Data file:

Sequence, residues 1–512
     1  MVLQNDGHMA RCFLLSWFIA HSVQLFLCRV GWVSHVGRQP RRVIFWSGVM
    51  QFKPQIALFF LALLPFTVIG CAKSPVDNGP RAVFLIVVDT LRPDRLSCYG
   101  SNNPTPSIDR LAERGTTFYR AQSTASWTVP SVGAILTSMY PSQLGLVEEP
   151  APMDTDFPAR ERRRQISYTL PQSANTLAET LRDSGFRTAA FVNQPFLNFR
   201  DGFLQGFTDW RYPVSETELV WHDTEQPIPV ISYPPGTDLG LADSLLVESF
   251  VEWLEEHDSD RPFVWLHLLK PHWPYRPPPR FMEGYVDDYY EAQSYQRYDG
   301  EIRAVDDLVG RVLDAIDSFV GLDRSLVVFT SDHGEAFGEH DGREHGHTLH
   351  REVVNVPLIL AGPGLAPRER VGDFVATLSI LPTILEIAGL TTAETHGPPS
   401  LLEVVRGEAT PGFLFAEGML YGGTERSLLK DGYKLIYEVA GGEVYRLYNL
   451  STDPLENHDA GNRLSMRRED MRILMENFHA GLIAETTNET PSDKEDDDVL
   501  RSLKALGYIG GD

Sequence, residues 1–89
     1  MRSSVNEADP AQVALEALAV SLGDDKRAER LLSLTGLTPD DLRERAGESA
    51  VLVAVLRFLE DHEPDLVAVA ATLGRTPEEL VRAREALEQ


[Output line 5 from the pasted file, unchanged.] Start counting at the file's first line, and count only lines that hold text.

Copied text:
   151  APMDTDFPAR ERRRQISYTL PQSANTLAET LRDSGFRTAA FVNQPFLNFR